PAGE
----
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Invertebrates: 8 of the weirdest spineless creatures

By Kristen Rogers, CNN

Published 8:03 AM ET, Sun August 9, 2020
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The Bobbitt worm or sand striker (Eunice aphroditois) is an aquatic predatory bristle worm that ranges from 4 inches to 10 feet long and dwells in burrows it creates in the ocean floor. It lives mainly in the Pacific Ocean but can also be found in the Indo-Pacific ocean area. Shutterstock
Native to Africa's tropical forests, giant or Goliath beetles (Goliathus giganteus) are among the largest insects. They only range from 2 to 4.3 inches long, but they can weigh up to 3.5 ounces — that's nearly as heavy as a baseball. Shutterstock
The atlas moth (Attacus atlas) is a large moth native to the forests of Asia. Its wingspan measures up to 9.4 inches. Since the moth has no mouth, it doesn't eat once it has emerged from the cocoon — shaving days off its only one- to two-week life span. Shutterstock
Bathynomus giganteus is a species of aquatic crustacean and a member of giant isopods. This isopod resides in cold waters in the West Atlantic, and its large size has been attributed to deep-sea gigantism — when invertebrates living in cold, deep waters grow larger and have longer life spans. Shutterstock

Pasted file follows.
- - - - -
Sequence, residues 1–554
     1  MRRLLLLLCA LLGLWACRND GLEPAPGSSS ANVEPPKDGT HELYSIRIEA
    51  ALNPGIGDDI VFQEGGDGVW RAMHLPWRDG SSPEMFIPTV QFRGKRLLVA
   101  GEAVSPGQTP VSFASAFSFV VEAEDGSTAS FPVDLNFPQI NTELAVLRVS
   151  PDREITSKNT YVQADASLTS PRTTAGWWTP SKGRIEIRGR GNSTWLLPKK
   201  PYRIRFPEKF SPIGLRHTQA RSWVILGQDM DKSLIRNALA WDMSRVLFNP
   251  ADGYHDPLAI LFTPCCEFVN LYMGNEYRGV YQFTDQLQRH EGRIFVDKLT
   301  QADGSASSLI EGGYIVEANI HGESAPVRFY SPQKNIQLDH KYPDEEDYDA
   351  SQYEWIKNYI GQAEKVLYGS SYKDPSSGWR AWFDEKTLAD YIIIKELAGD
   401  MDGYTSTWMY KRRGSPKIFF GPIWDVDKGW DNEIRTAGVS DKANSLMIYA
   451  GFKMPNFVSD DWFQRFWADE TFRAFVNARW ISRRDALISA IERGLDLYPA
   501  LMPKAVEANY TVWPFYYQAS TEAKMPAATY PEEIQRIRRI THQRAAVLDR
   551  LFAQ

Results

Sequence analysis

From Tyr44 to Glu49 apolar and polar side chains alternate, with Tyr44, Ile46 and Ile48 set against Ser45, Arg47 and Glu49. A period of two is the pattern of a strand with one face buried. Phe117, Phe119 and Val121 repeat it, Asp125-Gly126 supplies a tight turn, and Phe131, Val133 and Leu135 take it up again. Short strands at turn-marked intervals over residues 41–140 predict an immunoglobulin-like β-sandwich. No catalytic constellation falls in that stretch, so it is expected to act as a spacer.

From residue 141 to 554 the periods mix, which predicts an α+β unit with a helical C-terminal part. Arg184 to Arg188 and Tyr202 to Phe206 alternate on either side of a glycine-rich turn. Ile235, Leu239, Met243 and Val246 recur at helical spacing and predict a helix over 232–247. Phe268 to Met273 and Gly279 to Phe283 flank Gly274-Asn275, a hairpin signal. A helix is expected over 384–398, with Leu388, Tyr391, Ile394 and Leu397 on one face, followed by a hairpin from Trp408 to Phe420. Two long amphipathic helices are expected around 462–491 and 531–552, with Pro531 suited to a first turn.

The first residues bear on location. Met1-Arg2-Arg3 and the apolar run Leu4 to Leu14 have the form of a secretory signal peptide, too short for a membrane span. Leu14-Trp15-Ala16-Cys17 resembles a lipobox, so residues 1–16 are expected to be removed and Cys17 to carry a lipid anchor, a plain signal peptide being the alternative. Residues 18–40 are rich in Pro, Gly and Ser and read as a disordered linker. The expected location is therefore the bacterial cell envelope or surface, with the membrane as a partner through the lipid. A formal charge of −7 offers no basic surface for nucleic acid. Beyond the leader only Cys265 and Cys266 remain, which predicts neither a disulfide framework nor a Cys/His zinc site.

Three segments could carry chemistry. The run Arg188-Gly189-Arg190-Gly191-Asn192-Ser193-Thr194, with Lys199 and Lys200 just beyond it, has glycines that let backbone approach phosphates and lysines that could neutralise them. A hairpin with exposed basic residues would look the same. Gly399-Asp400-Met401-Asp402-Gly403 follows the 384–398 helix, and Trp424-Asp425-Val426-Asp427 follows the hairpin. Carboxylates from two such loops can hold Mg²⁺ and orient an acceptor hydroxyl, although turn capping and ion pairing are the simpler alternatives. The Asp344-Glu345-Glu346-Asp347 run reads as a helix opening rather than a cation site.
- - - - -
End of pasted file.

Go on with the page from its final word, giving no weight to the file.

The coconut crab, an iconic animal of the Batanes islands in Philippines, can weigh up to 9 pounds and grow up to more than 3 feet in length. Since the coconut crab will eat anything left unattended on the ground, it's also known as the robber crab or palm thief. Shutterstock
Native to New Zealand, the giant wētā (Deinacrida tibiospina) is a member of families of giant flightless crickets. The species name of these wingless creatures translates to "tibia spine" or "shin spine" — likely a reference to its spiny hind legs. agefotostock /Alamy Stock Photo
The Japanese spider crab (Macrocheira kaempferi) has the largest leg span of any arthropod — it can reach up to 12.1 feet from claw to claw. Despite its ominous appearance, some reports have characterized the crab as quite gentle. Shutterstock
Thorny oysters (Spondylus) aren't true oysters; they're a type of bivalve molluscs distributed along the coastal Pacific Ocean from Panama to Peru. The oyster has long, spine-like protuberances along the edge of its shell, which varies in color. Shutterstock